Blog | Tuesday, May 14, 2013

Your disease, your problem

I get that medicine is hard; I've spent a good portion of my life studying it. Because of this, people come to me for help in maintaining their health. Today's patient tends to have access to much more information than when I started medical school. The Internet gives us all the potential to learn more about our own health.

Unfortunately, there's no quality filter on Google. That's one of the many reasons people come to see me. While I share the ambivalence of many of my colleagues about patients bringing internet printouts to the office, I generally think it's a good thing. It's a great way to open the door to educating my patients. They seem to appreciate my opinions and they feel more a part of their own health care.

Achieving and maintaining good health requires a lot more than googling, though. My biggest challenge every day is treating the Big Three: hypertension, diabetes, and nicotine dependence. These problems require a collaboration between doctor and patient. I can dispense medicines and advice, but I can't make someone change their lifestyle.

These problems are difficult because it's not just about will power. Smoking and eating cause changes in the brain that reward the behavior and punish you when you don't over-indulge. Still, will power is a good starting point.

What I get to see daily is people who come in for a check-up and nothing has changed. They swear they eat "nothing" and yet gain weight; they take all their medications as prescribed but their blood pressure is always high; cigarettes are so expensive that they can't afford the medications to help them quit.

There's a lot doctors and insurance companies can do to help patients along the path to health, including sponsoring weight control programs, gym memberships, and paying for smoking cessation.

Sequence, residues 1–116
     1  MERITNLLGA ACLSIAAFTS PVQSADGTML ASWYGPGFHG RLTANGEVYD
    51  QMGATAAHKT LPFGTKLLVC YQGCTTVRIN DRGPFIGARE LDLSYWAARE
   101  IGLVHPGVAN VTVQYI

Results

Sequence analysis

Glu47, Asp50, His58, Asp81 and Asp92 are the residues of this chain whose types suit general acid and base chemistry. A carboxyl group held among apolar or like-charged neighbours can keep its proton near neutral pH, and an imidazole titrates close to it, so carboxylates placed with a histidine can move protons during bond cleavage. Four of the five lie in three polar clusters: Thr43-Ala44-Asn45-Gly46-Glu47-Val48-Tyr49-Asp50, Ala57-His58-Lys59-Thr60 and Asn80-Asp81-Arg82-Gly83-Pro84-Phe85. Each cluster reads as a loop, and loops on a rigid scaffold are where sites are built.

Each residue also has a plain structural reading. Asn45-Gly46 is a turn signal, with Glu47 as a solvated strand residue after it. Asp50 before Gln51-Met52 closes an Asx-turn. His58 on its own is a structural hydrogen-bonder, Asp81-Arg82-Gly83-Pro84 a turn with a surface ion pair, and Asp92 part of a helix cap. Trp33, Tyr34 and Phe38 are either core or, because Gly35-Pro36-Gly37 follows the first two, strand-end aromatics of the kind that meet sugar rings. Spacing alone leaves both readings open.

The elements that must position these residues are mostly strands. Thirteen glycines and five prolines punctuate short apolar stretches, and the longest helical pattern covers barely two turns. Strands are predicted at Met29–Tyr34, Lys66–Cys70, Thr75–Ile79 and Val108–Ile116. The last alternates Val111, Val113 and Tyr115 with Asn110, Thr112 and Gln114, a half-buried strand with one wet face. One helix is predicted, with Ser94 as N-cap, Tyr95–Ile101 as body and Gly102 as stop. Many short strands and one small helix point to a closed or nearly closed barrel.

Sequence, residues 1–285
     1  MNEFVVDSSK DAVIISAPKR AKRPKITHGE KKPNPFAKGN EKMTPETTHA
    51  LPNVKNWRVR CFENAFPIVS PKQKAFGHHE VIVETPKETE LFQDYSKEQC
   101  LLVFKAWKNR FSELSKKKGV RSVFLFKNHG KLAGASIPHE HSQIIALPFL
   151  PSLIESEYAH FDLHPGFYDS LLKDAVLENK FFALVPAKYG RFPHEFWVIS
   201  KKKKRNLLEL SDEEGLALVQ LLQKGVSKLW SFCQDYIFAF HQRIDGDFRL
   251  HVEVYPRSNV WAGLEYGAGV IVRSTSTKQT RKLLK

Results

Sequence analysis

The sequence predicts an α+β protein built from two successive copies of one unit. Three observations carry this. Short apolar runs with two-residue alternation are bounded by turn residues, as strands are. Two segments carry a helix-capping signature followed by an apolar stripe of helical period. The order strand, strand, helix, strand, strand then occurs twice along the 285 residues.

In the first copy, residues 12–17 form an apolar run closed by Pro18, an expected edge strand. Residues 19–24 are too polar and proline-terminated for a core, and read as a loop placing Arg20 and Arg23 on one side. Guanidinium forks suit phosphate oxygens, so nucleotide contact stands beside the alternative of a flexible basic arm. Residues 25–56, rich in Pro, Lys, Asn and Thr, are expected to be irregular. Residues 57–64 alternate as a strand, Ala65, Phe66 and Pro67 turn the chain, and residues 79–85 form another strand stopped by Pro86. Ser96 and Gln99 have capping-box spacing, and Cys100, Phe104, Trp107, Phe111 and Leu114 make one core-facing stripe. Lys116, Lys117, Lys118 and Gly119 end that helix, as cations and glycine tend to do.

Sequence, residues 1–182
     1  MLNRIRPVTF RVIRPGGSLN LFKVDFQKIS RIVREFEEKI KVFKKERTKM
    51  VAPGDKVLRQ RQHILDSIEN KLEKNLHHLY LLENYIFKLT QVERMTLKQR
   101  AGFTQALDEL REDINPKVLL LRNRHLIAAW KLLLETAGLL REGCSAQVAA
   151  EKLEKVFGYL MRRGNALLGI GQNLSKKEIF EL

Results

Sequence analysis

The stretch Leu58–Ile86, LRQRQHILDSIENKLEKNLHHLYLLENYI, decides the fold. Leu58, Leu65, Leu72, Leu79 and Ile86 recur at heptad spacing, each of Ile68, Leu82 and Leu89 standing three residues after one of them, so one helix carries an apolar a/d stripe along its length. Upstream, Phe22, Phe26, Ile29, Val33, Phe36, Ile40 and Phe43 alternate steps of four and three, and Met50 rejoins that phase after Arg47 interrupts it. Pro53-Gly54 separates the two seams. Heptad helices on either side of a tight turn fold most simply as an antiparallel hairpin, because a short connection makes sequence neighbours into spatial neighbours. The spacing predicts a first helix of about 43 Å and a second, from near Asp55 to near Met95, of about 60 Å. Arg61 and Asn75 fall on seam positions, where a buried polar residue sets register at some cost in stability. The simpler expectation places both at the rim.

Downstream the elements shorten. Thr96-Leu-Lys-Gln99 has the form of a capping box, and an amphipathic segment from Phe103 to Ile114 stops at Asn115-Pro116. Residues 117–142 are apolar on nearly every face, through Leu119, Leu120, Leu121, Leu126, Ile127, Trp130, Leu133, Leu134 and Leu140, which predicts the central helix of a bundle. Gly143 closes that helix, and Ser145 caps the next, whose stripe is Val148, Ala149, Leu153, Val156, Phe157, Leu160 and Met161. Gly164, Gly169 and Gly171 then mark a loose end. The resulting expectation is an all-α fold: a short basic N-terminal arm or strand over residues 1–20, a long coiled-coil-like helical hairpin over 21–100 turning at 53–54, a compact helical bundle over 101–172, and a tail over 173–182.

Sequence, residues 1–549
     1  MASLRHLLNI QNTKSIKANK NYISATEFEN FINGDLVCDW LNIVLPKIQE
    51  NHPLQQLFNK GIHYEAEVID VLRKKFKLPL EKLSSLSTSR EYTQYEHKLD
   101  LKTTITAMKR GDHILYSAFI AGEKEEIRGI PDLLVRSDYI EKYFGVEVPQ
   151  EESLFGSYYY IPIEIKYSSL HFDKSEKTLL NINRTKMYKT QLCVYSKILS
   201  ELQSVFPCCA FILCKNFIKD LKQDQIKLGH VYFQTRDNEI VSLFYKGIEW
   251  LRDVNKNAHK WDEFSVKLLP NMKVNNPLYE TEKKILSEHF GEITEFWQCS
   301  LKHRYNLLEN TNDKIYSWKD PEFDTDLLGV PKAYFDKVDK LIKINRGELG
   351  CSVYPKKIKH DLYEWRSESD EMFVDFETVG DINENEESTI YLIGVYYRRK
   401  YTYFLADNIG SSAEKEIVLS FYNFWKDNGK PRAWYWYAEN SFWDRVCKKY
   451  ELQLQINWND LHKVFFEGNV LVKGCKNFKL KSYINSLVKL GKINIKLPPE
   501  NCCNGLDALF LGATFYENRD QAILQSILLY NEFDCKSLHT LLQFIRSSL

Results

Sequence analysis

But it still comes down to accepting that you have a disease and that managing it is your responsibility. Testing your blood sugar, taking your medicines, watching your eating are all up to you. As a society, we need to be better about supporting these behaviors. We need to make healthy behaviors affordable. If you live in a dangerous neighborhood where it's too dangerous to walk, and you can't afford diabetic supplies, we as a society have failed you.

But it's not just the poor who fail to do their part. All of us have behaviors that are bad for us, and all of us have to take steps to make ourselves better. Come by the office and ask me where to start.

Peter A. Lipson, ACP Member, is a practicing internist and teaching physician in Southeast Michigan. After graduating from Rush Medical College in Chicago, he completed his internal medicine residency at Northwestern Memorial Hospital. This post first appeared at his blog at Forbes. His blog, which has been around in various forms since 2007, offers "musings on the intersection of science, medicine, and culture." His writing focuses on the difference between science-based medicine and "everything else," but also speaks to the day-to-day practice of medicine, fatherhood, and whatever else migrates from his head to his keyboard.